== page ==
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Inmates in jails and prisons lose some of their constitutional and legal rights, but not all. State and federal laws make it difficult for inmates to succeed in filing lawsuits and either changing policy or collecting damages. Inmates and their loved ones must understand their rights, recognize violations when they occur, and know how to seek justice for their abuse, neglect, or civil rights violations.

Can You File a Lawsuit Against a Jail for Inmate Mistreatment?

Jail and prison officials must follow state and federal laws in their treatment of inmates. If they violate your rights, you can sue them to change their practices or sue for damages in cases of injuries. Taking the proper steps in doing so is critical to your success, as the deck is stacked against inmates who wish to sue.

If you believe your rights were violated in jail, contact an experienced civil rights attorney who knows how to file a lawsuit against a jail and has experience suing a county jail for negligence or other violations. Skilled lawyers will understand the unique steps to take in these cases, such as going through the prison administrative process for complaints before filing, and will help you ensure you get the justice you deserve. 

Common Types of Inmate Abuse in Jail

Unfortunately, inmate abuse is not uncommon in jails, and inmates face more hurdles when attempting to file lawsuits than those outside correctional facilities. Contact a prisoner abuse attorney if you or a loved one experienced:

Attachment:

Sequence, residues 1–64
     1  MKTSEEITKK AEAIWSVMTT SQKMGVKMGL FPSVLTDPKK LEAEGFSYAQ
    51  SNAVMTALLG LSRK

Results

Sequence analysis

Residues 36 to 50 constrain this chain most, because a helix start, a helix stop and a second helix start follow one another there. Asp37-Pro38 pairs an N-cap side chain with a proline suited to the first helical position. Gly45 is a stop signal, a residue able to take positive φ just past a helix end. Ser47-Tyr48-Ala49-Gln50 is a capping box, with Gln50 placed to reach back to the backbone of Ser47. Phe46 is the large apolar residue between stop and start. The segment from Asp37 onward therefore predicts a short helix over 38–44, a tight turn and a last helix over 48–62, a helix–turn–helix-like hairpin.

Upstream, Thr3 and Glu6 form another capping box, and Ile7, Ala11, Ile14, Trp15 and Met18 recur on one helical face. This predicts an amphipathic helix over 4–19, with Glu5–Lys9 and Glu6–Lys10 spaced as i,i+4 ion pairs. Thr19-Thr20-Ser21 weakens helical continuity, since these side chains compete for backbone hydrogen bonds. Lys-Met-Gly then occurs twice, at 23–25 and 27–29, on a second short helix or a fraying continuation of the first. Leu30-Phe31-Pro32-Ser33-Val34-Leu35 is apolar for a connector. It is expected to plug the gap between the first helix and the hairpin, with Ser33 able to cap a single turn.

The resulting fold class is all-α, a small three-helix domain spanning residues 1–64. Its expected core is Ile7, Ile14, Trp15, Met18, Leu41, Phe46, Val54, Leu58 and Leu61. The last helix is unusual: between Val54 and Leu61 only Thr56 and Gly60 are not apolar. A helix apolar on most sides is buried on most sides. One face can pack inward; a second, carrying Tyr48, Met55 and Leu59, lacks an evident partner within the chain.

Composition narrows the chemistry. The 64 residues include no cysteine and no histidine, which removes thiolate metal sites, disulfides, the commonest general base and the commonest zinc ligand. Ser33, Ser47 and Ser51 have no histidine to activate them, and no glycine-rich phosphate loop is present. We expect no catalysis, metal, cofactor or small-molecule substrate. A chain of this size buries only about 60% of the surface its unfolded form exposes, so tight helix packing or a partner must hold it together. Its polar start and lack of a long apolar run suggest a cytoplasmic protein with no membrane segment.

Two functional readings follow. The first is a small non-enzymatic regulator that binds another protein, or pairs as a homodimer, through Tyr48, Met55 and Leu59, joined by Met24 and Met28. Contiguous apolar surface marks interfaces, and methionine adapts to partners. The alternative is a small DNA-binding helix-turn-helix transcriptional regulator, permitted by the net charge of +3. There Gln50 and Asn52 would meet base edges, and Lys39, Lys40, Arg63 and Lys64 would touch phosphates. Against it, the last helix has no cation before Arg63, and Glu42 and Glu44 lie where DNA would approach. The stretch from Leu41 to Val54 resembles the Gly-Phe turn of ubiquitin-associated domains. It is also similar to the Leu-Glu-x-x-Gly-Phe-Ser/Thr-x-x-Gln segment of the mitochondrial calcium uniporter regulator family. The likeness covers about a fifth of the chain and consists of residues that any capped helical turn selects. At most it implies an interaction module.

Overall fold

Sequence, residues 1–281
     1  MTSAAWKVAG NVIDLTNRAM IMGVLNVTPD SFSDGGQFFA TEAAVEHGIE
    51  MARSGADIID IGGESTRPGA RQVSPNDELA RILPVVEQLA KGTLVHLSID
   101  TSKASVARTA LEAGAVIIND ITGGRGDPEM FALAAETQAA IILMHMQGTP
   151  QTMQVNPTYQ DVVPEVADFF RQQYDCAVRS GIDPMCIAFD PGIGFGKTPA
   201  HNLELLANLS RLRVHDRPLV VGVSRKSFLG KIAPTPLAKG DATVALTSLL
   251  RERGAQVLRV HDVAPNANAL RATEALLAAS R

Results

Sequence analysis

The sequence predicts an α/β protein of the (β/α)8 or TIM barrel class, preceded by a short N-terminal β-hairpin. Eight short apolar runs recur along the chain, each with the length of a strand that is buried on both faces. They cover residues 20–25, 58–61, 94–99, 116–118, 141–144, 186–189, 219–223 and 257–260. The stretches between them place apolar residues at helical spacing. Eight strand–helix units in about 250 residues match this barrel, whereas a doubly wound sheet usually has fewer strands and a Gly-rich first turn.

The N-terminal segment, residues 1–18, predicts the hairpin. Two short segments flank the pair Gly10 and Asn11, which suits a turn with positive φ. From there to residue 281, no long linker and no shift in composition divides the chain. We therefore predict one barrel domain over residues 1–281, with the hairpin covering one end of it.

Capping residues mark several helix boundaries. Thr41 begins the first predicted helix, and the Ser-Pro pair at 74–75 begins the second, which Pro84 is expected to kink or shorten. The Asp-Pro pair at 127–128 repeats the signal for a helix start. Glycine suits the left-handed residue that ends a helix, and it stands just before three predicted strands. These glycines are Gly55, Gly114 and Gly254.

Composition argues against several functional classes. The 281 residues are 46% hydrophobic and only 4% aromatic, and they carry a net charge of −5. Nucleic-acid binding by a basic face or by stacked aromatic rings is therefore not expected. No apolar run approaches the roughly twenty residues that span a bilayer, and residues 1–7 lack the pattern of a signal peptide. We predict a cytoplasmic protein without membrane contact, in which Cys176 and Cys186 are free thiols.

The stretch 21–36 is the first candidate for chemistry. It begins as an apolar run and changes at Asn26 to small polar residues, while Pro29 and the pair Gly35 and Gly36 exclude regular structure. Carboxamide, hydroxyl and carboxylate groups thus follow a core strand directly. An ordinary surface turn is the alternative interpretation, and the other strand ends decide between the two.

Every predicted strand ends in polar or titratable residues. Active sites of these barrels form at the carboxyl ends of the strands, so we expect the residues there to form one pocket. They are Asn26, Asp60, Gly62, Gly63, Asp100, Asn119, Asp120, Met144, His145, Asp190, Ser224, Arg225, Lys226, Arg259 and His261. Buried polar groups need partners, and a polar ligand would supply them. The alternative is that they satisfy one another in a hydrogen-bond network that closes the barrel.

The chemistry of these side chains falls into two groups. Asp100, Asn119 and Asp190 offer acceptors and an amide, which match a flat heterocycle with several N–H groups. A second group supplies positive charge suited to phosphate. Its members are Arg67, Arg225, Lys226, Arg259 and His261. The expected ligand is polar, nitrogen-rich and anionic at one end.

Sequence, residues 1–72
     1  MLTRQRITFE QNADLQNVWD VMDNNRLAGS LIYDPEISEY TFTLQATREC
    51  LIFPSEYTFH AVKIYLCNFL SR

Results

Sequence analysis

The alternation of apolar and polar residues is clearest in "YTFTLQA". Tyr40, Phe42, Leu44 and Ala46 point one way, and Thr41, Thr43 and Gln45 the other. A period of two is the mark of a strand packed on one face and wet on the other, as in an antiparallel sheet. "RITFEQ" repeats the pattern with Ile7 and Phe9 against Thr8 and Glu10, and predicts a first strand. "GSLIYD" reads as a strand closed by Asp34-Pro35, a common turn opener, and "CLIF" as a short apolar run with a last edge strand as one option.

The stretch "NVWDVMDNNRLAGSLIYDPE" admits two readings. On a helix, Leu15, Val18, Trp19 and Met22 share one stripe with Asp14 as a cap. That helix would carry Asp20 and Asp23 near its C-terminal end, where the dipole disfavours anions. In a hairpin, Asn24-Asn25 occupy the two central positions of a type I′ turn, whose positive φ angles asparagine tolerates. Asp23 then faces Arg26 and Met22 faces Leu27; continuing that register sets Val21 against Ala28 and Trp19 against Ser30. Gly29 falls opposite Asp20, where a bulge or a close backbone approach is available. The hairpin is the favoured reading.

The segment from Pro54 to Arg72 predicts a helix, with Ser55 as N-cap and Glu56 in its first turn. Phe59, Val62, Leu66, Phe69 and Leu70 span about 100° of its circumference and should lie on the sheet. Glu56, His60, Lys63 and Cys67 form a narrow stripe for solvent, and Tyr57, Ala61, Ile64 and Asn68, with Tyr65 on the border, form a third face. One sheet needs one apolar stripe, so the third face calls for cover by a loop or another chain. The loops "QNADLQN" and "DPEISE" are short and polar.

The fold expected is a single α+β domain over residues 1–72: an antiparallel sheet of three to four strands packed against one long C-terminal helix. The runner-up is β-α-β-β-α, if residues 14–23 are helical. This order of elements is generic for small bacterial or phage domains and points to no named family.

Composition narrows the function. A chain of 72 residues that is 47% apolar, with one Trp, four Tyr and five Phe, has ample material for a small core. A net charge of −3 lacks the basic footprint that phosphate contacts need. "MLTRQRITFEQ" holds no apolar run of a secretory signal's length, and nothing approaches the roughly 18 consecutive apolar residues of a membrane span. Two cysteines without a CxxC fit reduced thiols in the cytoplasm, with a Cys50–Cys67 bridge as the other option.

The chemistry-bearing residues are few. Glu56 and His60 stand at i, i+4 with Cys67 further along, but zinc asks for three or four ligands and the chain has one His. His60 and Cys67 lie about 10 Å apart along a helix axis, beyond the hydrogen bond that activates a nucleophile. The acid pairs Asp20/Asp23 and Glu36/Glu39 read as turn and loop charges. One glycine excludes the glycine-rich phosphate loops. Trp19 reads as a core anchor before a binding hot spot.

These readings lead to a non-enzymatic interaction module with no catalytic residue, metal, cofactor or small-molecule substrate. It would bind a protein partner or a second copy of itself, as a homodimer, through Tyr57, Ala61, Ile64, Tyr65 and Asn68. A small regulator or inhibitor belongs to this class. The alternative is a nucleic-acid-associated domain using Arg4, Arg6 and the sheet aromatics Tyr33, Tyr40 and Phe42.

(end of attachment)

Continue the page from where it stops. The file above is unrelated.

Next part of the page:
• Lack of medical care
  • Unsafe medical treatment
  • Sexual abuse or sexual assault by prison staff or other inmates
  • Unsafe conditions
  • Physical abuse
  • Excessive force
  • Unnecessary or prolonged solitary confinement

Several state and federal laws protect your rights, and lawyers who sue jails and win know how to navigate the system to increase your chances of a successful lawsuit against a correctional facility. A personal injury attorney may be able to help you collect monetary damages if you were physically harmed.

What Are the Constitutional Rights of an Inmate?

Inmates are afforded the protections of the Constitution, though in some cases, there are limits on their freedoms and rights based on their inmate status.

Eighth Amendment protections against cruel and unusual punishment are in place for an inmate in county jail and state or federal prison. Lack of medical care, extended stays in solitary confinement, and inmate abuse are all issues your jail neglect attorney can raise in an Eighth Amendment lawsuit against the Department of Corrections.

Prisoners are also protected under the First Amendment. However, their rights to religion, speech, and assembly are often curtailed by the compelling interests of the county or state in maintaining order. 

Inmate rights against unreasonable searches and seizures listed in the Fourth Amendment are also limited. Jail officials can search cells and inmates, who have no expectation of privacy, as long as they don't target only specific groups protected by law.

Inmates in jails may also have rights and privileges under state law. For example, Minimum Standards for Jails and Lockups are in Virginia's Administrative Code.